A photographer friend of mine who has the vaguest idea about how world currencies get their valuations asked me one day what I think about currency trading. All he knew about it himself was some social media personality who claimed to trade forex and lived a flashy life.

Interweb was not targeting sophisticated investors; they had gone for retail traders, village old men and excitable young hustlers looking for a quick buck. Their con was easy to spot from the multilevel marketing, the scanty details about the product offering and the illusion that anyone can trade currencies.

Their competition was stealthier. The unregulated online traders operated in the Wild West collecting money and disappearing since some of these operators have no physical presence in Kenya, hence, the regulator cannot follow up when punters lose their money.

Regulatory crackdown

The problem of global businesses operating without licensing or paying taxes is rife in the financial sector. It is especially widespread in the capital markets, where operators have turned to social media with fake regulatory endorsements to lure unsuspecting Kenyans into sending them money on the pretext of helping them to invest.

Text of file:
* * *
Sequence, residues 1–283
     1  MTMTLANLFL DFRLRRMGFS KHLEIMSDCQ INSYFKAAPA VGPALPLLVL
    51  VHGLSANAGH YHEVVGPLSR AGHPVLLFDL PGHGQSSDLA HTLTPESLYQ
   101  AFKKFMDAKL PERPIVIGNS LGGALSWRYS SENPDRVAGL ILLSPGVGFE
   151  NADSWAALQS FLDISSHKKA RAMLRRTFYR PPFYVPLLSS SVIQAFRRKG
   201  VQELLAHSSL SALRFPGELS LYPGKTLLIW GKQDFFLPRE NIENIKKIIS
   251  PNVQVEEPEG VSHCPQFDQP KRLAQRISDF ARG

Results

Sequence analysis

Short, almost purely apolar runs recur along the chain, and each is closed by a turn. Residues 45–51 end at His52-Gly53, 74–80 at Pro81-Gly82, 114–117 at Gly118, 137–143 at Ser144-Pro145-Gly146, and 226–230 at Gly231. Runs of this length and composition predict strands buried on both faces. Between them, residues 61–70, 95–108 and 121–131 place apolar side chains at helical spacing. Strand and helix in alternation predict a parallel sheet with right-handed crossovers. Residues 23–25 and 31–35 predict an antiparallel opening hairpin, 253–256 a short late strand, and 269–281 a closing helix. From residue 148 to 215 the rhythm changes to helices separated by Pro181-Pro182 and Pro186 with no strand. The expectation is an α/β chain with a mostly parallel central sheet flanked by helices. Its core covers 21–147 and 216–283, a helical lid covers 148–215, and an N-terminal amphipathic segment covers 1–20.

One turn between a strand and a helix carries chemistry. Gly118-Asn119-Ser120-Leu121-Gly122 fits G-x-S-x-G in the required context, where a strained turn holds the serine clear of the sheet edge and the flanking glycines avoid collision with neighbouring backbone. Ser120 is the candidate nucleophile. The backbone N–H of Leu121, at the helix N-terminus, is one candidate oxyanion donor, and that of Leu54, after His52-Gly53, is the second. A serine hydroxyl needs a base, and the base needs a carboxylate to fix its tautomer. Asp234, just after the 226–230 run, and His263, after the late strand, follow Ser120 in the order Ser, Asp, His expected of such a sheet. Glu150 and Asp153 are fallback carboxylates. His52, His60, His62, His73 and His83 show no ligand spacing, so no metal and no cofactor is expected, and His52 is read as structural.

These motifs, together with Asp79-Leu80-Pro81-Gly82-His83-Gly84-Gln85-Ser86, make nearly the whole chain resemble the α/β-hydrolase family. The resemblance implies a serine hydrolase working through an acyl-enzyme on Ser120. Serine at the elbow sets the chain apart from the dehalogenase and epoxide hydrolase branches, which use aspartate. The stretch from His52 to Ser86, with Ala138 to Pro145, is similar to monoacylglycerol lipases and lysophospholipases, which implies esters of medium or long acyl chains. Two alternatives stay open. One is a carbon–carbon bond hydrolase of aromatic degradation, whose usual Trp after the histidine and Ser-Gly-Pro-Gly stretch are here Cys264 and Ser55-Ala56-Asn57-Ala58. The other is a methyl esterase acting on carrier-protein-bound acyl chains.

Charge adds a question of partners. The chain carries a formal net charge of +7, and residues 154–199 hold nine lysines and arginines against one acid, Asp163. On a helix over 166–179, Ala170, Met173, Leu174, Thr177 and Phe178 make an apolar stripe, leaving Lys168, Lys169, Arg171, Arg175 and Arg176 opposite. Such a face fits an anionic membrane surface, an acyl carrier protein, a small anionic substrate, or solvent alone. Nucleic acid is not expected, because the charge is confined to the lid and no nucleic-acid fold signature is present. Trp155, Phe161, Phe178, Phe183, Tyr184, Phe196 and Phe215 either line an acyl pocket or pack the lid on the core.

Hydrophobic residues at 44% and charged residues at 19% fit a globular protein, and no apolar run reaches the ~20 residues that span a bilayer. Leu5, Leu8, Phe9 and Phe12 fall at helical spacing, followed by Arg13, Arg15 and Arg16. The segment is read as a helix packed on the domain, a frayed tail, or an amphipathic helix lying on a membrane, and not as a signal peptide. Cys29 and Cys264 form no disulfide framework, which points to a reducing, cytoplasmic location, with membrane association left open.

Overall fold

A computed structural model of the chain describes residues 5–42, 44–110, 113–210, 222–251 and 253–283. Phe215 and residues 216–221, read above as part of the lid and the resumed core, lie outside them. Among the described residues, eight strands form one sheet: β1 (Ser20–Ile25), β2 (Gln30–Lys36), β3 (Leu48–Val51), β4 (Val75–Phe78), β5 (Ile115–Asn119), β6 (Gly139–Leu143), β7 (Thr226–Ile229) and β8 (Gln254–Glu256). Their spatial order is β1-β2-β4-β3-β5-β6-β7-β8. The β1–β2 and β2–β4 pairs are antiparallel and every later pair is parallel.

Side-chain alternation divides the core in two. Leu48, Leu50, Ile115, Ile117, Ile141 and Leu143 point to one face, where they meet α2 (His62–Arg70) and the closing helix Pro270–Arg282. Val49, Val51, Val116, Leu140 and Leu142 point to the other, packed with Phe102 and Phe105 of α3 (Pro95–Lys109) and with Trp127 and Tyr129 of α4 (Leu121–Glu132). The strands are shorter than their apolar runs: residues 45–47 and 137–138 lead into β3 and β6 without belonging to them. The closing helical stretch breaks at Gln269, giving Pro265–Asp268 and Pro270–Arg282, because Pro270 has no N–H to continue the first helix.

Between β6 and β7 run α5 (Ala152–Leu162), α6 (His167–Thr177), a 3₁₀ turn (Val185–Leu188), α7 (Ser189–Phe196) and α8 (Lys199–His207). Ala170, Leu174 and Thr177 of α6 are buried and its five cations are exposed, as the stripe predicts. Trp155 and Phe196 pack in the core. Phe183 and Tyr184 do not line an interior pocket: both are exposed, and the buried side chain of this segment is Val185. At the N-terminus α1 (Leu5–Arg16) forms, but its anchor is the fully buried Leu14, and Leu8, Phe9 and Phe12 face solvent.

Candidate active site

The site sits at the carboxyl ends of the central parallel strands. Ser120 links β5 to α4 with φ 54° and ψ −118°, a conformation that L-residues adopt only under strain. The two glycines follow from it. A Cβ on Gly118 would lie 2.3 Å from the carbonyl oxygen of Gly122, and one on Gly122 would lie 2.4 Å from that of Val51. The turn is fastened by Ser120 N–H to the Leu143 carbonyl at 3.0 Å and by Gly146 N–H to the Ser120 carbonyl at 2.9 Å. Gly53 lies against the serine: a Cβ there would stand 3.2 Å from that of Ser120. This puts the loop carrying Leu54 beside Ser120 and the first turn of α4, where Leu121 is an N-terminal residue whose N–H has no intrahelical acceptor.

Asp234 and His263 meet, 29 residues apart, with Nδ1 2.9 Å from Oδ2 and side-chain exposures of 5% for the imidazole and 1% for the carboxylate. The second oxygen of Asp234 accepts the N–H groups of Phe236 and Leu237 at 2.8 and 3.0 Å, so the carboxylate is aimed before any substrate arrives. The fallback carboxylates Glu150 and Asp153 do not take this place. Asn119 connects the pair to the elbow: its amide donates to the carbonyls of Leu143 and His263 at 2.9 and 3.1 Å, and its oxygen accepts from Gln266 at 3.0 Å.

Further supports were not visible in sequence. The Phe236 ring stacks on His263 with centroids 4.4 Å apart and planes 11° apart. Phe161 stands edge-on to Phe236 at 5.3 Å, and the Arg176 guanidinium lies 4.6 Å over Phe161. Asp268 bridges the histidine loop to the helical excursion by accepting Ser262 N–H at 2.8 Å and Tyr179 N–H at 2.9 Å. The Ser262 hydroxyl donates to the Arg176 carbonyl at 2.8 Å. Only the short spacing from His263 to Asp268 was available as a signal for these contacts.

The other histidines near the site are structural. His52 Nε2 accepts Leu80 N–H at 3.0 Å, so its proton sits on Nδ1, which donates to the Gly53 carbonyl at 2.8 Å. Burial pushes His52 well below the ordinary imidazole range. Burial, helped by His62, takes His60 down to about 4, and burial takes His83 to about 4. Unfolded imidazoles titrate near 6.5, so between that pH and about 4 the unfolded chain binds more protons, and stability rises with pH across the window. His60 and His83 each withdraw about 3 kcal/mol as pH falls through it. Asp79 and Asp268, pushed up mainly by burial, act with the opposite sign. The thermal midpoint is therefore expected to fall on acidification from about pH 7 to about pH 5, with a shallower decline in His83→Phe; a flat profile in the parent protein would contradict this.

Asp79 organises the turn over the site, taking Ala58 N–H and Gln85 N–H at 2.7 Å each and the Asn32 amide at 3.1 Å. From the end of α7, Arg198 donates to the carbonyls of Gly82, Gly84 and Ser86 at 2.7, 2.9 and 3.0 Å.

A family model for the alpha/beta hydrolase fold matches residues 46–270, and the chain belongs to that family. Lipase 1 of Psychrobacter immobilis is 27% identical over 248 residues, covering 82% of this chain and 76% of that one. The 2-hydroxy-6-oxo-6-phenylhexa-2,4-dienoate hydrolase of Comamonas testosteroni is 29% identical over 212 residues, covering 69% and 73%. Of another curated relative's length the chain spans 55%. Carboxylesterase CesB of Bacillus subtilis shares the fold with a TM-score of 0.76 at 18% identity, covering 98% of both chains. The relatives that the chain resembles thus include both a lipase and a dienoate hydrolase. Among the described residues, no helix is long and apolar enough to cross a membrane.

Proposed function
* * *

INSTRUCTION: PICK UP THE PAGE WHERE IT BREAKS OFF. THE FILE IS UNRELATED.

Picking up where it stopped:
There has been a proliferation of con games targeting unsuspecting individuals by luring them to unregulated products with huge returns.

Most unregulated products are operated in obscurity as products which resemble securities or capital market instruments and some even claim to have been given regulatory approvals.

The Capital Markets Authority (CMA) told parliament it has investigated 500 unregulated products including online forex frauds, illegally pooled funds, cryptocurrency, real estate and Ponzi schemes, ordered refunds and instituted criminal charges.

The most common fraud cited by the regulator is online forex schemes where unregulated firms pose as brokers and collect money from the public for buying currencies online.